I take offense… :-( I started supporting United when Liverpool were unstoppable.

    * I think it’s a good idea, but not for January. What about perhaps the last or 2nd last game of the season. Even better, why not look at making the Carling Cup global (teams lost their respect for the club already, so it might help restoring the cup pride)
    * Why are people against ‘global’ games anyway, it happens already week-in and week-out with the Eufa and CL cups???
    * There was once an article on Soccerlens about the “true” fans, where the main argument was that “true” fans go to watch games live. Maybe this can be a way of ‘bringing the moutain to Mohamed’.

    Why is it ok for an Irishman to support United (to watch O Shea), but not for an African (to watch Fortune, Djemba-Djemba, Manucho) or what about the Brazilians (Da Silva’s, Anderson, Possenbom, Kleberson), or Chines (Dong), or Koreans (Park), or Trinidad (Yorke), or Argentinians (Tevez, etc), or Portugese (Ronaldo), or the French??? etc, etc, etc? Where do you draw the line?

    Your childish, selfish “our league” concept ignores the fact that you need “their players” to make it exciting.
    I think it’s time for you to grow up and realise that this “colonistic” perception of yours is so wwwwaaaaaaaaaaaaayyyyyyyy outdated.

  61. Liverpool have the most popular website and football TV Channel (not including skysports) so i think its obvious we still have the most fans

  62. Well that obviously went tits up – why does the preview show what it would look like with the html tags kept in and then strip them out when you submit?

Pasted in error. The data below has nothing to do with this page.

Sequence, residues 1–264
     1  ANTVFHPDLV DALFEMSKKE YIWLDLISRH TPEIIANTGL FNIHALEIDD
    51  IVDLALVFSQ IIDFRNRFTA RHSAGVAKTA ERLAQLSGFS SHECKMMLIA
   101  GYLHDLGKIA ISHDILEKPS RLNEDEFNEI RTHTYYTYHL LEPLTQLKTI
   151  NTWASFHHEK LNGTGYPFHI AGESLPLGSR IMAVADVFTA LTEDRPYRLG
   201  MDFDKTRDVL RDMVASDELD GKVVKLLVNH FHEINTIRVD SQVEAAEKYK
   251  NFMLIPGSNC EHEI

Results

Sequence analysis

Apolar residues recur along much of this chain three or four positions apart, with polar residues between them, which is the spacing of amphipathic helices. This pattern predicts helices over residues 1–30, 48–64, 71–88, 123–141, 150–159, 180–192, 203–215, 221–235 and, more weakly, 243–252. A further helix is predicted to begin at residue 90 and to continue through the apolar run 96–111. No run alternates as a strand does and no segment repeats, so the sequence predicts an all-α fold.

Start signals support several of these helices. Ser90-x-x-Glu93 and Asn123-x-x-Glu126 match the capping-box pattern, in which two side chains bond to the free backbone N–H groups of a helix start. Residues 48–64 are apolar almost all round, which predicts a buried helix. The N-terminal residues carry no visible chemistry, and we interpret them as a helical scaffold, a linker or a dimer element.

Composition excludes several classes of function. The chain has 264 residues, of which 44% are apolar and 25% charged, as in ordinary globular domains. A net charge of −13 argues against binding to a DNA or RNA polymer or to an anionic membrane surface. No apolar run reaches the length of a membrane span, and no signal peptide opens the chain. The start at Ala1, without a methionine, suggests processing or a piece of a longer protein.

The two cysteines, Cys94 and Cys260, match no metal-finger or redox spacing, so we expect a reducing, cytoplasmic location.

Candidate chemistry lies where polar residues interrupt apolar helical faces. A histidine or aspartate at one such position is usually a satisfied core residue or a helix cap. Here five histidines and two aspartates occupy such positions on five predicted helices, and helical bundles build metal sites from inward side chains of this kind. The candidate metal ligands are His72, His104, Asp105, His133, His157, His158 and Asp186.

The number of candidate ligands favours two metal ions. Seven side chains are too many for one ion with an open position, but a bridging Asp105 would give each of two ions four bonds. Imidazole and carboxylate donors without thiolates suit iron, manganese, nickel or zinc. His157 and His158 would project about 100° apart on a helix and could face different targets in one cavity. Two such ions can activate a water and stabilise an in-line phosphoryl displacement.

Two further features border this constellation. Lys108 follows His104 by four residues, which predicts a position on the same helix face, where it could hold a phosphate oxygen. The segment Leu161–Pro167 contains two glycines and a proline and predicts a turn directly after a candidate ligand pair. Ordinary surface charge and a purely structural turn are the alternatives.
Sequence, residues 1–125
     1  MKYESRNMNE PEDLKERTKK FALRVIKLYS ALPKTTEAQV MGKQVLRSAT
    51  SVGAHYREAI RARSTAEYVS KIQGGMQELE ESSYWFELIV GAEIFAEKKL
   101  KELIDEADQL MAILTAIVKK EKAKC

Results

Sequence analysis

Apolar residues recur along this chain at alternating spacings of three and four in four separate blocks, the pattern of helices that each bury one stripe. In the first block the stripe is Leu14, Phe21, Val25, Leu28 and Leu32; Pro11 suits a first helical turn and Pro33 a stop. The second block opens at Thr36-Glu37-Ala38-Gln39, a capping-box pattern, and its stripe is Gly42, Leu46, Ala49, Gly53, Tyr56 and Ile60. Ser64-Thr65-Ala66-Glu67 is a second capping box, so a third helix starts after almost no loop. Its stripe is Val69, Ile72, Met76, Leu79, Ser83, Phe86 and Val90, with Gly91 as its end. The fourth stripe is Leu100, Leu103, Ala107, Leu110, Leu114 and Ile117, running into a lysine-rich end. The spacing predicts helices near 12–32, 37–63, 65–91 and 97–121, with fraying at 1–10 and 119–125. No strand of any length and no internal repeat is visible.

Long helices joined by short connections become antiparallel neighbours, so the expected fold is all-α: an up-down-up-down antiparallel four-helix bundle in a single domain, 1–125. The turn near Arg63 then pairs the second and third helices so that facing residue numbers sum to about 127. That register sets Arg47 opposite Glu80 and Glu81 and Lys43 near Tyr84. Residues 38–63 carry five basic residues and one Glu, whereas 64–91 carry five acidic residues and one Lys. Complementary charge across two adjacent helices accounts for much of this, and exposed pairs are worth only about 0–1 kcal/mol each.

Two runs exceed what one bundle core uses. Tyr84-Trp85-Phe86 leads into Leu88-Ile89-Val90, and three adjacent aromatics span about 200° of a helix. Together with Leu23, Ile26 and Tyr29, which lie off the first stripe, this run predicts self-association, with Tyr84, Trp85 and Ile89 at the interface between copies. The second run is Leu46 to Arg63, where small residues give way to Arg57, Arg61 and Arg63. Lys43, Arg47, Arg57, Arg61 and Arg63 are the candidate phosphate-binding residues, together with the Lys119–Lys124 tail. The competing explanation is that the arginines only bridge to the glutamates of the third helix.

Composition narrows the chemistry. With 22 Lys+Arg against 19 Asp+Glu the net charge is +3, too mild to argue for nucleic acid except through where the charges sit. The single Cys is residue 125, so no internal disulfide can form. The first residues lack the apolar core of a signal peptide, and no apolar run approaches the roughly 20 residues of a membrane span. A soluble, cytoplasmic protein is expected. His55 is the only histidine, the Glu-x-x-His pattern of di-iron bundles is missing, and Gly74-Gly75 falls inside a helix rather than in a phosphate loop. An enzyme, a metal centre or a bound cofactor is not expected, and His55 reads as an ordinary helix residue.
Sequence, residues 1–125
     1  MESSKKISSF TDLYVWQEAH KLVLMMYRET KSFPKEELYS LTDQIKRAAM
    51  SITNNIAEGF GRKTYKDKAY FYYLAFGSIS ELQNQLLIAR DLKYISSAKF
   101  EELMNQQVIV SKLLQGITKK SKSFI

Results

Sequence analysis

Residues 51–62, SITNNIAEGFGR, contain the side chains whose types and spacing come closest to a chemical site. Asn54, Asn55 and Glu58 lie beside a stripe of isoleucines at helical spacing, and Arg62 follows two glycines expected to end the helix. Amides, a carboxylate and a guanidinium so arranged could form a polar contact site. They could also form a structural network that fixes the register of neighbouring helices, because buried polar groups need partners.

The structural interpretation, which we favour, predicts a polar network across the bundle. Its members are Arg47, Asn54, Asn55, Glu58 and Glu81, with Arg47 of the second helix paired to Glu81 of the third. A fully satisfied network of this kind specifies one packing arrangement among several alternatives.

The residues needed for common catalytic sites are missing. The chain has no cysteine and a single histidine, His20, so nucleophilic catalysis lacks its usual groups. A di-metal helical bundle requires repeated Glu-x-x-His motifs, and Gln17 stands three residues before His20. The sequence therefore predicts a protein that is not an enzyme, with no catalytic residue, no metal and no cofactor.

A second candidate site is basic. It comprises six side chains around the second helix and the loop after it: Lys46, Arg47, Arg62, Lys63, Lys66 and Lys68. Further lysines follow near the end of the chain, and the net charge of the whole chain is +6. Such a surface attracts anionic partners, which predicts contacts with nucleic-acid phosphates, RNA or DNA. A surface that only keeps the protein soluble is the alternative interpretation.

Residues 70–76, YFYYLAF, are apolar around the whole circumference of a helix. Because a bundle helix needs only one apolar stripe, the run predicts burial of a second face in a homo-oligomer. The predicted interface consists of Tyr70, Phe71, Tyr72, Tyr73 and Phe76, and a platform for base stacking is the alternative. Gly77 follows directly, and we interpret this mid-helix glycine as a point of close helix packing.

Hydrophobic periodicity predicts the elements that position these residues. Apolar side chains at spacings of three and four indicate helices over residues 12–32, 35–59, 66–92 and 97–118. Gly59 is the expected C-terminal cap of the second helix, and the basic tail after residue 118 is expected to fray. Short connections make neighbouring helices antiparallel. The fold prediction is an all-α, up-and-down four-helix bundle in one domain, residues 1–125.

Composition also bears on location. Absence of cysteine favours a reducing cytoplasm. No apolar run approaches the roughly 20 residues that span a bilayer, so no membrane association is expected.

Here’s what it should have been (nearly)…

    A good portion of this thread seems to have become about who is and is not a real fan of their club and whether foreign based fans should have an opportunity to see their team play a competitive league game close to where they live. I can see that argument from both sides really, and I don’t really want to re-hash it again. For me though, there are two main problems with this particular proposal:

    1. It unbalances the symmetry of the league where each team plays each other team home & away. This is the way the English league has worked for 116 years. It’s fair and equitable in it’s sporting purity. After each team has played 38 games, the one with the most points can justifiably claim to be the best team in that league. That is one of the factors which, over the years, has made it a great competition – one with an attraction to sports fans around the world.

    Suppose that over the other 38 games Man United collected 85 pts and Arsenal collected 84, both beat Fulham home and away in those 38 games, but both draw/lose to Spurs. Then imagine United are drawn to play Spurs in Miami and Arsenal to play Fulham in Cape Town. If the games go the same way as before, Arsenal leapfrog United.